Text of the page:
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Chapter 28:
Integrated Plasmonic Antennas with Active Optical Devices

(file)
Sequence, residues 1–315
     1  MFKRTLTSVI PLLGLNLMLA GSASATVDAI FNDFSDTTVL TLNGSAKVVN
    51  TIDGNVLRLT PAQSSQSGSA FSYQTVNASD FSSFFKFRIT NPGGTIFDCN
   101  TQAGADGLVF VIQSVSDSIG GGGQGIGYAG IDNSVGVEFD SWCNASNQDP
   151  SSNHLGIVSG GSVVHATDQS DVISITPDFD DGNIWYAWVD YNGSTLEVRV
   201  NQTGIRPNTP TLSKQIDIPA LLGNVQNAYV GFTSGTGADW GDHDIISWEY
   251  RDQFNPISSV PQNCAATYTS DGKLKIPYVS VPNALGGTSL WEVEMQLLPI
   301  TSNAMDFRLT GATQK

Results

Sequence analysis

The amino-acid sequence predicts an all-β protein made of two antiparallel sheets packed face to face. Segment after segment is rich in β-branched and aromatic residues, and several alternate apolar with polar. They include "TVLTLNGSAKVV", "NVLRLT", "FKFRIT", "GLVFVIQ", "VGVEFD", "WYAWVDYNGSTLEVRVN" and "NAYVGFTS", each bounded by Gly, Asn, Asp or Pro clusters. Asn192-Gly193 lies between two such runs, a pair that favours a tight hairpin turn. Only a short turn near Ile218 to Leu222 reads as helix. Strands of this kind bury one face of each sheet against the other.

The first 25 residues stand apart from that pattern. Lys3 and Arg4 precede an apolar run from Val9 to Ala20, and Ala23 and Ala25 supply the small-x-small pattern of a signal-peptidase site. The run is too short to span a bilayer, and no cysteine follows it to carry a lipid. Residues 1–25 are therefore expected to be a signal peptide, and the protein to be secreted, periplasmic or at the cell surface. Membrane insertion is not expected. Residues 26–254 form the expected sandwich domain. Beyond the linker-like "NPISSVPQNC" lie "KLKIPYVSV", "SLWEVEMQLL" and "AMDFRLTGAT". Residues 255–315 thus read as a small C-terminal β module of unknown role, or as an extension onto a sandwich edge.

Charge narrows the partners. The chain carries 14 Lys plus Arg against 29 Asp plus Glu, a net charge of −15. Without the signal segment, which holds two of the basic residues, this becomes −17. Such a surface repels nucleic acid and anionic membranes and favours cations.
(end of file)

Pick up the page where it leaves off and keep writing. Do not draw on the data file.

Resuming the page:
A laser can be thought of as an optical cavity with two mirrors within which light bounces back and forth many times. Because the optical mode is strongly coupled to the cavity, a slight change to either mirror can cause a change to the cavity and to the operation of the laser. Increasing the interaction strength between changes to the mirror and the cavity can lead to interesting operational methods for the laser. Recently developed fabrication techniques have made it possible to integrate metallic nanostructures with lasers, creating a hybrid device with applications in the medical, communication, commercial, and defense fields. Using an optical antenna creates an area of very high electric-field concentration; by placing one of these antennas in close proximity to the laser cavity, the antenna can perturb this area, influencing the whole cavity mode. We will show that by modulating the laser mode by interacting it with the near field of the antenna, one can perform the following: determine the near-field and optical force profiles of different antenna geometries, frequency modulate a laser, amplitude modulate a laser, and detect biomolecules with high sensitivity. With the development of nanofabrication techniques, optical antennas can be made and further explored in the visible region of the optical spectrum. These antennas are similar to radio frequency (RF) antennas in that they are structures that are designed to be resonant with specific wavelengths through both their geometrical and material properties as well as their external surroundings. Though both RF and optical antennas have the same basic goal of controlling radiation patterns, there is an important difference. RF antennas are designed to optimize far-field characteristics in order to obtain better transmission and reception of signals, while optical antennas are designed to optimize the near-field characteristics, in order to, for example, create a spot size that is smaller than the wavelength of incoming light. The different operating wavelengths of these antennas also impose an orders-of-magnitude size mismatch between the two classes of antennas.
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